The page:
Data Mining Tasks

1. Classification

Given a collection of records (training set ). Each record contains a set of attributes, one of the attributes is the class.

Find a model  for class attribute as a function of the values of other attributes.

Goal: previously unseen records should be assigned a class as accurately as possible.

A test set is used to determine the accuracy of the model. Usually, the given data set is divided into training and test sets, with training set used to build the model and test set used to validate it.


Direct Marketing

  • Goal: Reduce cost of mailing by targeting a set of consumers likely to buy a new cell-phone product.
  •  Approach:
    •  Use the data for a similar product introduced before.
    •  We know which customers decided to buy and which decided otherwise. This {buy, don’t buy} decision forms the class attribute.
    •  Collect various demographic, lifestyle, and company-interaction related information about all such customers.
      • Type of business, where they stay, how much they earn, etc.
    •  Use this information as input attributes to learn a classifier model.

Fraud Detection

  • Goal: Predict fraudulent cases in credit card transactions.
  • Approach:
    • Use credit card transactions and the information on its account-holder as attributes.
      • When does a customer buy, what does he buy, how often he pays on time, etc
    • Label past transactions as fraud or fair transactions. This forms the class attribute.
    • Learn a model for the class of the transactions.
    • Use this model to detect fraud by observing credit card transactions on an account.

Customer Attrition/Churn:

  • Goal: To predict whether a customer is likely to be lost to a competitor.
  • Approach:
    • Use detailed record of transactions with each of the past and present customers, to find attributes.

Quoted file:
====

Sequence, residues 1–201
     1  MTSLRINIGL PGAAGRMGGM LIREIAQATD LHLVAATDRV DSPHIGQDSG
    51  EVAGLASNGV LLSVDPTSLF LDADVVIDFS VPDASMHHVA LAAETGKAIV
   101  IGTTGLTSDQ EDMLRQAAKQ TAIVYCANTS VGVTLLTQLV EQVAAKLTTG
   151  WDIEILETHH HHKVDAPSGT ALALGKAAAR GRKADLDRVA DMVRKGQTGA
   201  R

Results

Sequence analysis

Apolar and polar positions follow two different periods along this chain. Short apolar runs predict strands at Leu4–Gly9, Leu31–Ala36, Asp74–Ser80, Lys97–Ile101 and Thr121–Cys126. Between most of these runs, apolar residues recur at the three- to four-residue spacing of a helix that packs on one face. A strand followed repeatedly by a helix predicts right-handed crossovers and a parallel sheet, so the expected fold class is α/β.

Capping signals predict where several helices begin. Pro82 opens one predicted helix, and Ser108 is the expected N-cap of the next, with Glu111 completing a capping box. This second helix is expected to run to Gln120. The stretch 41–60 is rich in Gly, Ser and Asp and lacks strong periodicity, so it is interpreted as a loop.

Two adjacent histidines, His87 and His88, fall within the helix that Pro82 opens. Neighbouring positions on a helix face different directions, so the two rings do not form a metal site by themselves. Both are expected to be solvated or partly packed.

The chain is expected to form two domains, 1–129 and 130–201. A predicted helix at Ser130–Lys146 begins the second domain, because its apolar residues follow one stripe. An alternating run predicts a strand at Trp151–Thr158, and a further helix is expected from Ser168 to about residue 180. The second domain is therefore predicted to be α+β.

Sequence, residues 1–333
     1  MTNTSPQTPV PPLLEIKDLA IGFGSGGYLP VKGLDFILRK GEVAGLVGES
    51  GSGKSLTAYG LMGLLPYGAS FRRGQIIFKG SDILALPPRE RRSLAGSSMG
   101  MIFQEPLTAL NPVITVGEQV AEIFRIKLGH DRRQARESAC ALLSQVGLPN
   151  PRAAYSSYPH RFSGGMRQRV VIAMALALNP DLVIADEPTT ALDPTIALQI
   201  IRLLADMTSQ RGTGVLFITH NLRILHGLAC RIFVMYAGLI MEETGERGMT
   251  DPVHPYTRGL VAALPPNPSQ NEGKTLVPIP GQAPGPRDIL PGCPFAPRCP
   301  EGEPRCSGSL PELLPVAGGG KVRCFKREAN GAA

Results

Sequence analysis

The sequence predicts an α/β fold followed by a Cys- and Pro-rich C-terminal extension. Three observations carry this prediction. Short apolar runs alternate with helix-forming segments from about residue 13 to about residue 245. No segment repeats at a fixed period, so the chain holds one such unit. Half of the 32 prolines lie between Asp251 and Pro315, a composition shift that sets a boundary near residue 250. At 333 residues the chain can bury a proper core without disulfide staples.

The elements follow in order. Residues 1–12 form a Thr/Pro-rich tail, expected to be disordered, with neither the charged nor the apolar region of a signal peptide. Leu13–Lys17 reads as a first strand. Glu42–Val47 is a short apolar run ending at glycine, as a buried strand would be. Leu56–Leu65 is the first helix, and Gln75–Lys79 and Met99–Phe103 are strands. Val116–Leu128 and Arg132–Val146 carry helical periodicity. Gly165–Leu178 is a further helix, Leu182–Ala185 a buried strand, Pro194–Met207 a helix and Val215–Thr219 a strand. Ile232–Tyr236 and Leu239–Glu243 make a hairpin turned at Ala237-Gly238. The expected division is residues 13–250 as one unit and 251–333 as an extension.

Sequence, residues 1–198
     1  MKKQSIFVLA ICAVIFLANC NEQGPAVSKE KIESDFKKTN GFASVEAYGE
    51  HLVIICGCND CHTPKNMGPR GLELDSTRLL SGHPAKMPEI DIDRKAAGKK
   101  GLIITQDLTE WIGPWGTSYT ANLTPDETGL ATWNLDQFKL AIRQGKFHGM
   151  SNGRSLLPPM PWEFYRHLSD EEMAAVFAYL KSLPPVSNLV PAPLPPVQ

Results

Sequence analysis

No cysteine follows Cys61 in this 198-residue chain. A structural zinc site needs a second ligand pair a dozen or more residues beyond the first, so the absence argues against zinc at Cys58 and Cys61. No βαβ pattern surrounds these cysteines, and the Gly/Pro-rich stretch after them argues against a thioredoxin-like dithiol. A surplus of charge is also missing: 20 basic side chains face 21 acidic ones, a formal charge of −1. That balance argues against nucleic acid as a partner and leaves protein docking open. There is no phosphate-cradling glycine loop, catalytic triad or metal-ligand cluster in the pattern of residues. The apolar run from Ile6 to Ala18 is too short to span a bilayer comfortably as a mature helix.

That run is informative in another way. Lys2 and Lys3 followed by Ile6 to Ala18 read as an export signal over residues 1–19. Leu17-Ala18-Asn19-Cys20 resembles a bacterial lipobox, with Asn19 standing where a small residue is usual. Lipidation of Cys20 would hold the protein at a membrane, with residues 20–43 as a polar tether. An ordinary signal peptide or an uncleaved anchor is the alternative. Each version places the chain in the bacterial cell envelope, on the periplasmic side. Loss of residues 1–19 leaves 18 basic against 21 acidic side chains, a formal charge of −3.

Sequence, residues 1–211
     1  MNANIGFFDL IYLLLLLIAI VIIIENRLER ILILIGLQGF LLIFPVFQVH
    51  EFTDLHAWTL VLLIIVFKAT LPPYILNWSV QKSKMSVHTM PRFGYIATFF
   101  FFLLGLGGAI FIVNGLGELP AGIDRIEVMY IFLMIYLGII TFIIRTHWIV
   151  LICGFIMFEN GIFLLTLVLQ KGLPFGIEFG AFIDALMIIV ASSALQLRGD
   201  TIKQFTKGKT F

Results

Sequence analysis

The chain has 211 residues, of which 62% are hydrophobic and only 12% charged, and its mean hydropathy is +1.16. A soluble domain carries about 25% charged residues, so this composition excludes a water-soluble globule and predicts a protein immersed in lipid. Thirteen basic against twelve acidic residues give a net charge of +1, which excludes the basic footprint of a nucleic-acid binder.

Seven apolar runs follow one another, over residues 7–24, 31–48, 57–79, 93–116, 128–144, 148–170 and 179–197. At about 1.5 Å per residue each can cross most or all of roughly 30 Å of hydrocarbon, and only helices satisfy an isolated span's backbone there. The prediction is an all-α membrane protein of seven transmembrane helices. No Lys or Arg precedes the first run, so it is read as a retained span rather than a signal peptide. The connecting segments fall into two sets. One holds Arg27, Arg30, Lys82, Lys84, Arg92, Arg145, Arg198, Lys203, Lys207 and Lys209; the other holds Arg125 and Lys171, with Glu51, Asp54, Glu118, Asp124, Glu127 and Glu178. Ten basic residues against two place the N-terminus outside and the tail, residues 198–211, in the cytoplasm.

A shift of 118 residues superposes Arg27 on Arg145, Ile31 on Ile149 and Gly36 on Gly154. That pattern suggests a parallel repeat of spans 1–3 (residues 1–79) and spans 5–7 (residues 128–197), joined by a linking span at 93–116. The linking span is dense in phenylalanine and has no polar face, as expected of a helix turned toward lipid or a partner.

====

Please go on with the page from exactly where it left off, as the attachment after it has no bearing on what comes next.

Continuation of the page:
• How often the customer calls, where he calls, what time-of-the day he calls most, his financial status, marital status, etc.
    • Label the customers as loyal or disloyal.
    • Find a model for loyalty.


Given a set of data points, each having a set of attributes, and a similarity measure among them, find clusters such that

  •  Data points in one cluster are more similar to one another.
  • Data points in separate clusters are less similar to one another.

Similarity Measures:

  • Euclidean Distance if attributes are continuous.
  • Other Problem-specific Measures.


Market Segmentation:

  • Goal: subdivide a market into distinct subsets of customers where any subset may conceivably be selected as a market target to be reached with a distinct marketing mix.
  •  Approach:
    • Collect different attributes of customers based on their geographical and lifestyle related information.
    • Find clusters of similar customers.
    • Measure the clustering quality by observing buying patterns of customers in same cluster vs. those from different clusters.

Document Clustering:

  • Goal: To find groups of documents that are similar to each other based on the important terms appearing in them.
  • Approach: To identify frequently occurring terms in each document. Form a similarity measure based on the frequencies of different terms. Use it to cluster.
  • Gain: Information Retrieval can utilize the clusters to relate a new document or search term to clustered documents.


Given a set of records each of which contain some number of items from a given collection;

Produce dependency rules which will predict occurrence of an item based on occurrences of other items.


Marketing and Sales Promotion:

  • Let the rule discovered be

{Bagels, … } –> {Potato Chips}

  • Potato Chips as consequent => Can be used to determine what should be done to boost its sales.
  • Bagels in the antecedent => Can be used to see which products would be affected if the store discontinues selling bagels.
  • Bagels in antecedent and Potato chips in consequent => Can be used to see what products should be sold with Bagels to promote sale of Potato chips!

Supermarket shelf management.

  • Goal: To identify items that are bought together by sufficiently many customers.
  • Approach: Process the point-of-sale data collected with barcode scanners to find dependencies among items.
  • A classic rule —
    • If a customer buys diaper and milk, then he is very likely to buy beer.
    • So, don’t be surprised if you find six-packs stacked next to diapers!

Inventory Management:

  • Goal: A consumer appliance repair company wants to anticipate the nature of repairs on its consumer products and keep the service vehicles equipped with right parts to reduce on number of visits to consumer households.
  • Approach: Process the data on tools and parts required in previous repairs at different consumer locations and discover the co-occurrence patterns.

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